Taking Your Lunch Or Work Meeting To The Strip Club

It may be surprising, but even in 2015, with state and federal laws in place outlawing sexual discrimination in the workplace, it is not uncommon for uncomfortable sexual situations to take place at work, many of which could be considered sexual harassment. One issue that is not uncommon is employees visiting strip clubs, either socially outside of work, or as part of a work meeting.

In San Francisco, the Gold Club has become a popular lunch spot for many technology employees and business workers. Typically, more than 300 people will visit the club for lunch, with a majority coming from technology firms. The Gold Club is located in an area that is loaded with tech firms and the Gold Club has embraced the industry, running ads that bill itself as “Where the tech crowd plays”. As tech jobs have increased in the area, the Gold Club has also experienced an average of 20 percent annual growth in sales and attendance every year since 2011. Visitors to the Gold Club cite its cheap lunch buffet and the fact that they are stuck in offices all day and need to blow off some steam at lunch for its popularity.

However, in many cases trips to the Gold Club sometimes extend beyond lunch. According to Yelp’s former employees, interviewers in the early years of the company would take prospective hires to the Gold Club. Eventually, Yelp management found out and told employees to stop all visits to the club during work hours.

However, many companies continue to conduct business meetings at the Gold Club and other strip clubs. According to the club’s manager, business deals happen at the company every day. CEOs commonly visit, and companies will often rent out the entire business for events.

The Potential For A Sexual Harassment Case

Although visits to strip clubs as part of a workday may be common in some fields or geographic areas, an employer should discourage such outings. If workers eat lunch together at a strip club regularly, or visit a strip club for drinks after work, some employees could feel discriminated against or harassed.

It is illegal to harass a person because of that person’s sex under federal and state employment laws. This includes sexual harassment, unwelcome sexual advances, requests for sexual favors, and other harassment of a sexual nature, such as making offensive comments about a person’s gender. Isolated comments, lighthearted teasing, or incidents that are not serious are not illegal. However, harassment does become illegal when it’s so frequent or severe that it creates a hostile or offensive work environment, or if it results in an adverse employment decision.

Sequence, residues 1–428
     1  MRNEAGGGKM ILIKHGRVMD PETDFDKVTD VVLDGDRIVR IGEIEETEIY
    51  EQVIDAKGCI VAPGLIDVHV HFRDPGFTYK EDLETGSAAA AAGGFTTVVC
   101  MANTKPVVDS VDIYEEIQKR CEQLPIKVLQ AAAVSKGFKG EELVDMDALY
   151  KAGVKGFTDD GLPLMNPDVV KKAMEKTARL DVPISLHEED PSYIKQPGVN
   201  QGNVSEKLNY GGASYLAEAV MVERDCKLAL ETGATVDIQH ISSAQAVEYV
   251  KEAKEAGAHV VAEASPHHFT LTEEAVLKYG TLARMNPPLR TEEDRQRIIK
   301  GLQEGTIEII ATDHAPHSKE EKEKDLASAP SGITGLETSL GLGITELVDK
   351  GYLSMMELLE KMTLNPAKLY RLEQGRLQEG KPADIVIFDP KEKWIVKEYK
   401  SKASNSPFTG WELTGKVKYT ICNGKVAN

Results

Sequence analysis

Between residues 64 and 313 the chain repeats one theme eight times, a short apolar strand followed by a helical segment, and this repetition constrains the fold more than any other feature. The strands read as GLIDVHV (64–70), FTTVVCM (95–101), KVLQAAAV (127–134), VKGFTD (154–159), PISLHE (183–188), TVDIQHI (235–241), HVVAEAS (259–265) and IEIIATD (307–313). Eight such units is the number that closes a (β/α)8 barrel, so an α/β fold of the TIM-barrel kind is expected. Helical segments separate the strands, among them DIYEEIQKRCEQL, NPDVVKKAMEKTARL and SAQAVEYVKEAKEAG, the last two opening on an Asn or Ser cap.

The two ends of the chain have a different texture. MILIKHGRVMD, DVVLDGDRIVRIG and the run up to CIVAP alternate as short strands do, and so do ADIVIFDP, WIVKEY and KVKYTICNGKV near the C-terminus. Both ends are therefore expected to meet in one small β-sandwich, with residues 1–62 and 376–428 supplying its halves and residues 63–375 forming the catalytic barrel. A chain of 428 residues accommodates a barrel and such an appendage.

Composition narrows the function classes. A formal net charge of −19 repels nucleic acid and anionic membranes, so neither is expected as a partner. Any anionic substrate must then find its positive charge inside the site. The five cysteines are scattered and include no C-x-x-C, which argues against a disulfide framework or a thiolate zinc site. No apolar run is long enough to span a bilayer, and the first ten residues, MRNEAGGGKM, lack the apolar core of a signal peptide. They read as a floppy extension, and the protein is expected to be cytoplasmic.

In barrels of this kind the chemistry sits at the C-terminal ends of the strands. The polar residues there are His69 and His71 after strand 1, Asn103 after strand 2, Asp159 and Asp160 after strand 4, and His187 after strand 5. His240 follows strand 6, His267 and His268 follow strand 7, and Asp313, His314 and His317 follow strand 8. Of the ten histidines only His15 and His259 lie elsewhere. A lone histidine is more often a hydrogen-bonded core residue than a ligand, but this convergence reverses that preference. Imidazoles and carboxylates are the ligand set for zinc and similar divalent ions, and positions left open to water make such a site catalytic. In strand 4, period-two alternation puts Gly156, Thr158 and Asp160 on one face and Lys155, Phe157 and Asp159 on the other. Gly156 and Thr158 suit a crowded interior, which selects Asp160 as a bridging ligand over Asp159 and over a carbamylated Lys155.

Employees visiting strip clubs together is something that should be heavily discouraged. If a few employees are friends, and they choose to visit strip clubs together after hours or on weekends as a personal, social event, that would probably not be considered sexual harassment. However, if groups of employees go to strip clubs together during work hours, and management either turns ignores it or actually participates, that could be considered sexual harassment. Some employees may feel extremely uncomfortable in such a sexual atmosphere, but may not feel comfortable speaking out. They may also be afraid that if they don’t go they will not be part of certain circles at work, which could harm their careers.

Instead, employers should have an internal policy forbidding employee visits to strip clubs together during work hours and never, ever conduct any type of business meeting at a strip club. These types of actions are almost certain to make some employees uncomfortable, and are also likely to end up in a sexual discrimination lawsuit.


Contact Liberty Law If You’ve Experienced Similar Conduct At Work

If you feel that you have been sexually harassed at work, call Micha Star Liberty, Oakland sexual harassment attorney, at 510-645-1000 or 415-896-1000. She will help you with your sexual harassment claim against your current or former employer. Call today to schedule a free consultation on your case.

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